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UK Supreme Court¹ – Uber drivers are workers

February 22, 2021

In a landmark decision, handed down today, the UK Supreme Court has unanimously held that Uber drivers are workers.

The appeal relates to the employment status of two test claimants, Mr Yaseen Aslam and Mr James Farrar, both of whom were licenced to drive private hire vehicle drivers and provided their services through the Uber app.

The central question raised in the litigation related to whether an Uber driver is a “worker” for the purposes of employment legislation which gives worker rights:

  • to be paid at least the national minimum wage;
  • to receive annual paid leave; and
  • to benefit from certain other protections.

In addition to this the Supreme Court also considered the question of what time counts as working time for the purpose of the relevant rights.

Uber’s² position was that the drivers do not have these rights because they work for themselves as independent contractors, performing services under contracts made with passengers through Uber as their “booking agent”.

Previous case law³ succinctly summarized that employment law distinguishes between three types of people:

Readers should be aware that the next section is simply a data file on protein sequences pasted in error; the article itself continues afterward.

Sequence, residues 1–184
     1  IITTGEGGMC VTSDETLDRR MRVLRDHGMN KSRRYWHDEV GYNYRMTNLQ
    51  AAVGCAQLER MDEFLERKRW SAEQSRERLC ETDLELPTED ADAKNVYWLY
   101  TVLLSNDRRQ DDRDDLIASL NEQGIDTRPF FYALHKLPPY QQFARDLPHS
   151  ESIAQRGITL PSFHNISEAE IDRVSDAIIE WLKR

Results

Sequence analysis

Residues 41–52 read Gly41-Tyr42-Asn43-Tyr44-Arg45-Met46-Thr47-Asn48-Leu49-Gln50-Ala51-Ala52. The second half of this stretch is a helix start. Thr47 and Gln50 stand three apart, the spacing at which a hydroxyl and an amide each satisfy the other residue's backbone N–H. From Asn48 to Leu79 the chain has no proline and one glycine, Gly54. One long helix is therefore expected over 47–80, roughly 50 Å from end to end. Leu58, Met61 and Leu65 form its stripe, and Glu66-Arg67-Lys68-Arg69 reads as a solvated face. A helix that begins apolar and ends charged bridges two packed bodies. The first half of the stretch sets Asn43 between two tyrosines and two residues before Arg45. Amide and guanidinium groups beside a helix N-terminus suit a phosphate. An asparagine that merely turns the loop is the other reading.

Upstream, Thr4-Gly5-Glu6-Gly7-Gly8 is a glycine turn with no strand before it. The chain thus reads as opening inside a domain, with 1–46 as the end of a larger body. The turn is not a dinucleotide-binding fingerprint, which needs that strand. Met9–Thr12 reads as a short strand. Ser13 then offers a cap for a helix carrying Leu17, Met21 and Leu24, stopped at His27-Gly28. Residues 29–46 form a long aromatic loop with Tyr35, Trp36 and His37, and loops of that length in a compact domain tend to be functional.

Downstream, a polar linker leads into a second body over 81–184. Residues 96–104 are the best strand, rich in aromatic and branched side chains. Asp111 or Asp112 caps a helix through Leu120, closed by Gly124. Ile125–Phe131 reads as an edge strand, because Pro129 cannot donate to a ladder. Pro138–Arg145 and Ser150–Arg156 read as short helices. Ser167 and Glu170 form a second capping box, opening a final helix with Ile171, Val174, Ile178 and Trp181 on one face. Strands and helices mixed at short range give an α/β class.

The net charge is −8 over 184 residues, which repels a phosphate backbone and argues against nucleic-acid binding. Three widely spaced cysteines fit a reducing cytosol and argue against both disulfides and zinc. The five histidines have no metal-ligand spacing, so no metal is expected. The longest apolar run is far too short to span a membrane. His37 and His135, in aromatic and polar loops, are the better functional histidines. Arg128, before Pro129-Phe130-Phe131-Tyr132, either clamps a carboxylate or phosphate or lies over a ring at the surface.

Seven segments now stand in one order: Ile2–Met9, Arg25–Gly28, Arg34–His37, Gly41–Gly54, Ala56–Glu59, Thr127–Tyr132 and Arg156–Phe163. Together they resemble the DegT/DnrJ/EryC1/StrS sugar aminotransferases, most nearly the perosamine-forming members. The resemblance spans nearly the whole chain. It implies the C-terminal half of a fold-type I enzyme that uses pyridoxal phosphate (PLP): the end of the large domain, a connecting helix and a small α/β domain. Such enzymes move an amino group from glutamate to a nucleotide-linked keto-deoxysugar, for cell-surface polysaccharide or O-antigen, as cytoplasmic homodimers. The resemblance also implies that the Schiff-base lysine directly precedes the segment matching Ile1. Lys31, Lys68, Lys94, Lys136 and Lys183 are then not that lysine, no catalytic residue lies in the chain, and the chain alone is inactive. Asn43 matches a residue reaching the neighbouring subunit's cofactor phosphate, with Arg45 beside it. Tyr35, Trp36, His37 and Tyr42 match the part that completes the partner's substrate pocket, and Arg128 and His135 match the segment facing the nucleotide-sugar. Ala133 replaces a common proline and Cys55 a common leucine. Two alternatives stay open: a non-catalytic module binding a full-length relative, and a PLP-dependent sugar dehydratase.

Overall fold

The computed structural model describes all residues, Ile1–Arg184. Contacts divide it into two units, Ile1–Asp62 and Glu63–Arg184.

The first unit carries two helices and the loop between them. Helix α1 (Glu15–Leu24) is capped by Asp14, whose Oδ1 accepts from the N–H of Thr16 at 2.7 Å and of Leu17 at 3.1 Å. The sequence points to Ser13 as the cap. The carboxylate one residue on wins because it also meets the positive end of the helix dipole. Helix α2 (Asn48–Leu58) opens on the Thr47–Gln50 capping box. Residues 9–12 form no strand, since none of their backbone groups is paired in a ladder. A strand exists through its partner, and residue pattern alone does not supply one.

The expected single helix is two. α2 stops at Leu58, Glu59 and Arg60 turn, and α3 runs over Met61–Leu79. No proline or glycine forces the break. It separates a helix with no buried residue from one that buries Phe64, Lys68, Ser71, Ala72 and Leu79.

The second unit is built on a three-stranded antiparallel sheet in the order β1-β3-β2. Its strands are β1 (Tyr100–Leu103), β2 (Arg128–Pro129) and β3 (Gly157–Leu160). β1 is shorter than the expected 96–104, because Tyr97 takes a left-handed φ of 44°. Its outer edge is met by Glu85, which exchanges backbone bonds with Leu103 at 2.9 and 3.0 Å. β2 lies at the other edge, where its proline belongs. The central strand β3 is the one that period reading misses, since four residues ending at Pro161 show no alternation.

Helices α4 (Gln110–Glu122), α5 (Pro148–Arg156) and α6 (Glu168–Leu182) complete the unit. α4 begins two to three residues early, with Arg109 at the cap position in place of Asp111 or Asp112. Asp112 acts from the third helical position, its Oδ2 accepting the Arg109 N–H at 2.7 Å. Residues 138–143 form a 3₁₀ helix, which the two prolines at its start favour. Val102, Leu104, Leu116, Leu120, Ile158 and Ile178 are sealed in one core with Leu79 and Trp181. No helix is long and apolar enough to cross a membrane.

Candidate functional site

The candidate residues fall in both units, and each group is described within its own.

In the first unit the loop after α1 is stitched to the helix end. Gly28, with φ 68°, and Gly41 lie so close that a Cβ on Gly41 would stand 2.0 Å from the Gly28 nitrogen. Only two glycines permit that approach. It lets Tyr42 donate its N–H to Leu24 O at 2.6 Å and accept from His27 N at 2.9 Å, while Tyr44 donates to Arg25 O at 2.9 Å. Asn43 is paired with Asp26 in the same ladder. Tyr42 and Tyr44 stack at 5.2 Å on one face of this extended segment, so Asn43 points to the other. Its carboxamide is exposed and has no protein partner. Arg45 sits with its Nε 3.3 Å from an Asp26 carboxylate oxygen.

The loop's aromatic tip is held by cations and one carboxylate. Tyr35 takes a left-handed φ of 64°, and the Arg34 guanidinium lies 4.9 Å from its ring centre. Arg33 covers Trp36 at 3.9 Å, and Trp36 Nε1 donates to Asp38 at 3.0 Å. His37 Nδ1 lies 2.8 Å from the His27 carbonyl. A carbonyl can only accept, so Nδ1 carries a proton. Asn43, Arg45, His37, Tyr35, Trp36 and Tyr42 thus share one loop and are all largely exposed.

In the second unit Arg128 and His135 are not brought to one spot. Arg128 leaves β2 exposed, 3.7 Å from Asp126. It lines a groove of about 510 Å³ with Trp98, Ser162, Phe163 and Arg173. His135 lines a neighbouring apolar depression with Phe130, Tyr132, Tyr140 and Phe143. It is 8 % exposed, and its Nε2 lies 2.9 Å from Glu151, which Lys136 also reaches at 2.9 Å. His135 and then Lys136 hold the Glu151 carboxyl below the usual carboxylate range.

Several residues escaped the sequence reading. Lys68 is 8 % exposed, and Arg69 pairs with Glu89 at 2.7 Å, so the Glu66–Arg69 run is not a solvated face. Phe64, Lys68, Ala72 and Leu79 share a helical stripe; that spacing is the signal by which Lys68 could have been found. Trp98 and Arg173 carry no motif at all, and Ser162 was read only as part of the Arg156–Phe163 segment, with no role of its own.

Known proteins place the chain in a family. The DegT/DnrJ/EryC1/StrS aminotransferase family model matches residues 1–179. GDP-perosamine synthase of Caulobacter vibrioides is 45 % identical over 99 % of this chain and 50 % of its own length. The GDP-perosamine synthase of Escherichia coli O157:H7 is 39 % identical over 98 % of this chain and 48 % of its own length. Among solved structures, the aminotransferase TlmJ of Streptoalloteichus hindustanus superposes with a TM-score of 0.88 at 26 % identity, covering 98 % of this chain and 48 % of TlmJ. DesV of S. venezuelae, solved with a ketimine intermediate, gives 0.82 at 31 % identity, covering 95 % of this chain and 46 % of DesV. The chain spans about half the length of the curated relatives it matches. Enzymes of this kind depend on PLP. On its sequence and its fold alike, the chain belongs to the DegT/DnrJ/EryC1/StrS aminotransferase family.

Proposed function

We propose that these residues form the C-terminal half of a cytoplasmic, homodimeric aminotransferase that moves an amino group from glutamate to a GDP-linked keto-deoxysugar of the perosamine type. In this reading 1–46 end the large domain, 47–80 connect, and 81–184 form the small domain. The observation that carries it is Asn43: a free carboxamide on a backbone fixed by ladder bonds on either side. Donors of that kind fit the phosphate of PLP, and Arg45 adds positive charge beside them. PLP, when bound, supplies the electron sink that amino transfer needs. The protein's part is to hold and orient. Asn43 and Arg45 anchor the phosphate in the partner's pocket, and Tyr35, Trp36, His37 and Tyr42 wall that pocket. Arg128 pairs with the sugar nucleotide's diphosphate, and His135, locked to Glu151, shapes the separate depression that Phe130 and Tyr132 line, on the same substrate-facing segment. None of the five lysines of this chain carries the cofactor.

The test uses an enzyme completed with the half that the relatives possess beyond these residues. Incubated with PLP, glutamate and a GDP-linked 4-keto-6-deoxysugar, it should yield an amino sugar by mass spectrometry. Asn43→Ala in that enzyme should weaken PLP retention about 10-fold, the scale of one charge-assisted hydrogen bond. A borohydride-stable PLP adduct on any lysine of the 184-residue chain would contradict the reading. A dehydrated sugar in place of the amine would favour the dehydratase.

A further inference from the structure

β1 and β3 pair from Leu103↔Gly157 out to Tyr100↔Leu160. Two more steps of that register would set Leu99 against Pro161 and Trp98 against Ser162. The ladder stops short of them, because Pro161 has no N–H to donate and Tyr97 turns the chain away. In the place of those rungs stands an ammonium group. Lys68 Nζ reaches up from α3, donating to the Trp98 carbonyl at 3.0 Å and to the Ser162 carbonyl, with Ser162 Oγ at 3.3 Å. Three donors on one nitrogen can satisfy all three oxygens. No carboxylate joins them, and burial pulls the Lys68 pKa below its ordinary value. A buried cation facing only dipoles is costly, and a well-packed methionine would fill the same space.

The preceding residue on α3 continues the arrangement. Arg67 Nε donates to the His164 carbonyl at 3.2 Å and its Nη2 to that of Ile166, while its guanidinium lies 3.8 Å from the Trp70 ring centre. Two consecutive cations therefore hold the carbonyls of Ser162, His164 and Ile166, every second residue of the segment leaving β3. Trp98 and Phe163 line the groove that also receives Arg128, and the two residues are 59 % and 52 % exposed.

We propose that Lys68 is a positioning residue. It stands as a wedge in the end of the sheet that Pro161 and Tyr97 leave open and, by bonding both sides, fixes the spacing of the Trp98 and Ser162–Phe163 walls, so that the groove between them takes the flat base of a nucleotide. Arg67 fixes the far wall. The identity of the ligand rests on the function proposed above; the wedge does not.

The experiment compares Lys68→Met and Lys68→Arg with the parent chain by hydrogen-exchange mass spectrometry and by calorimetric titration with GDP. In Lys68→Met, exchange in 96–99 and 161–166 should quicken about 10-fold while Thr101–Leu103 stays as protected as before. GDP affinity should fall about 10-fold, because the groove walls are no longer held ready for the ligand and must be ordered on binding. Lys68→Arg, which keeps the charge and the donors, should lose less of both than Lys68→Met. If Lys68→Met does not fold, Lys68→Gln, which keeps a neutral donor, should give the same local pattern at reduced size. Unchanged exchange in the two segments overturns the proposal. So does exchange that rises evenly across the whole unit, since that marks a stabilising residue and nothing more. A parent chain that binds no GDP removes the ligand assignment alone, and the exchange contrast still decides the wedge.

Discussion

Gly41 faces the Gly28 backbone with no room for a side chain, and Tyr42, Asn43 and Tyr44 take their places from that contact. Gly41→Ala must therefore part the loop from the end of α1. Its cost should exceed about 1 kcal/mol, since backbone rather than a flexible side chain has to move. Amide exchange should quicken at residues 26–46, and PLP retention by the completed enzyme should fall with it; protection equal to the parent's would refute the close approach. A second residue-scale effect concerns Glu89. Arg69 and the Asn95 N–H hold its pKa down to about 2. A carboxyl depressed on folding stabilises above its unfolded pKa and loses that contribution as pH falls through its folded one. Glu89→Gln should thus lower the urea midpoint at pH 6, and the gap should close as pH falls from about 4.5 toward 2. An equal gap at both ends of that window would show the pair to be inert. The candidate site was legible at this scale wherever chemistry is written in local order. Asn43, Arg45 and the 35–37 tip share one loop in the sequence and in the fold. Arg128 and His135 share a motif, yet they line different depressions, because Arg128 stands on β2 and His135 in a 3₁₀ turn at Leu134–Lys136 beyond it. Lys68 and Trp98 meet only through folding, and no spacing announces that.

1. those employed under a contract of employment;
  2. those self-employed people who are in business on their own account and undertake work for their clients or customers; and
  3. an intermediate class of workers who are self-employed but who provide their services as part of a profession or business undertaking carried on by someone else.

Some statutory rights, such as the right not to be unfairly dismissed, are limited to those employed under a contract of employment; but other rights, including those claimed in these proceedings, apply to all “workers”.

Statutory Definition of a “worker”

The statutory definitions are set out in the Employment Rights Act 1996 (ERA) and are often referred to as limb (a) or limb (b), reflecting the sub section of the legislation. The Uber judgment concentrated on the limb (b) test.

The term “worker” is defined by section 230(3) of the Employment Rights Act 1996 to mean: “an individual who has entered into or works under (or, where the employment has ceased, worked under)

(a)       a contract of employment4, or

(b)       any other contract, whether express or implied and (if it is express) whether oral or in writing, whereby the individual undertakes to do or perform personally any work or services for another party to the contract whose status is not by virtue of the contract that of a client or customer of any profession or business undertaking carried on by the individual; and any reference to a worker’s contract shall be construed accordingly.”

Similar definitions of all these terms are contained in section 54 of the National Minimum Wage Act 1998 (NMWA) and regulation 2(1) of the Working Time Regulations 1998 (WTR).

The Limb (b) definition

Limb (b) of the statutory definition of a “worker’s contract” has three elements:

  1. a contract whereby an individual undertakes to perform work or services for the other party;